Justice Forrie Miller, a judge in the New Zealand Court of Appeal, joins the Institute of Advanced Legal Studies (IALS) this month as its 2021–2 Inns of Court Fellow.
During his tenure at the Institute, a member of the University of London’s School of Advanced Study (SAS), he will be undertaking a comparative analysis around the topic of ‘Unforeseen consequences: the impact of a new apex court on the work of New Zealand intermediate appellate court’. The Inns of Court fellowship scheme is open to senior judges from Australia, Canada, the Caribbean, Ghana, Hong Kong, India, Malaysia, New Zealand, Nigeria, Pakistan, Singapore, South Africa and the US (federal).
Justice Forrie Miller, who has been recognised for his contribution to the modernisation of the New Zealand court system, was appointed to the High Court of New Zealand in 2004, and to the Court of Appeal in 2013. While at the High Court he was executive judge for the Wellington circuit. He was formerly chairman of Chapman Tripp, solicitors, where he had a commercial litigation practice focused on securities, regulatory and competition law.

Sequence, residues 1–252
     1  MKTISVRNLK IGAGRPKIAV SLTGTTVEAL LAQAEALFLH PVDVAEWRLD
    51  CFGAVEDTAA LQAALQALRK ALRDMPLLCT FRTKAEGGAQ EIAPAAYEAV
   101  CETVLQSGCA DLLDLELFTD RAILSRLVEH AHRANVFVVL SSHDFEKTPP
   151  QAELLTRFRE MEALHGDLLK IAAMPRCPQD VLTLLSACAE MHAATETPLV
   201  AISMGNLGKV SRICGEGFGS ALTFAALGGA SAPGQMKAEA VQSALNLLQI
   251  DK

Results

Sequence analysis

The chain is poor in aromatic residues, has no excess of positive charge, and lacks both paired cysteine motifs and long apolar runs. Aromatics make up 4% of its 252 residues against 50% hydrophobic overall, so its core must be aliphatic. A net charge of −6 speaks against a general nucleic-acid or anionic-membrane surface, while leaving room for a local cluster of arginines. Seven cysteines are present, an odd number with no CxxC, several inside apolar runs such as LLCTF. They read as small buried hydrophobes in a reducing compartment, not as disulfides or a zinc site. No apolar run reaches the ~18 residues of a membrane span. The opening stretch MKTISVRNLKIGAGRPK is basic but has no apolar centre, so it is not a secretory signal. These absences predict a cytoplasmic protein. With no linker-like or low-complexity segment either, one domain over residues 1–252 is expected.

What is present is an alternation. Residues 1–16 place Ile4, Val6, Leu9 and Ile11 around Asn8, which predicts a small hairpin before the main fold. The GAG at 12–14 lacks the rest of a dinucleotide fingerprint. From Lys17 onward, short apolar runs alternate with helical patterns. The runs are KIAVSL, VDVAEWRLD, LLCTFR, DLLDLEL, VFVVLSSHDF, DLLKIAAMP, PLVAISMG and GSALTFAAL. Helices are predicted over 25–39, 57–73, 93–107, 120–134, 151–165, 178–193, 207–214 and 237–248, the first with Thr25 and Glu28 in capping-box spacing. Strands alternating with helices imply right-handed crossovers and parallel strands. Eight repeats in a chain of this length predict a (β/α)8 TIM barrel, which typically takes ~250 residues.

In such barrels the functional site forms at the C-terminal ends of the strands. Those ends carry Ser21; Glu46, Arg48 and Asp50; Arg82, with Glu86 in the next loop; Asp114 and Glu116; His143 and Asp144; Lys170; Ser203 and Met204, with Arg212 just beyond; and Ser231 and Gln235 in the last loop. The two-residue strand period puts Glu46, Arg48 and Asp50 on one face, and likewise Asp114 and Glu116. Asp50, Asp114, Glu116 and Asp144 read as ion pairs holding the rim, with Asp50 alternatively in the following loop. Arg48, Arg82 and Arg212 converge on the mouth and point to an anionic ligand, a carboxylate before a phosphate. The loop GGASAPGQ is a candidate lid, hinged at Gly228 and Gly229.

He designed and until 2013, managed the Earthquake Commission List for the many cases arising from the Christchurch earthquakes. For this work he shared the Australian Institute of Judicial Administration Award for Excellence, becoming one of the first New Zealanders to receive this accolade.
In the Court of Appeal Justice Miller has been responsible for developing electronic casebooks, which are now routinely used in criminal and civil jurisdictions. He previously chaired the Judicial Reference Group, a crossbench committee working with the Ministry of Justice on an electronic content management system which will lead to electronic filing and case management systems in all New Zealand courts, and the Judicial Libraries Management Board, which exercises governance responsibilities over judicial libraries. In 2020 he was heavily involved in leading New Zealand courts’ response to the Covid-19 pandemic. His publication, ‘Reform of Courts Administration in New Zealand', calls for a partnership model of courts administration.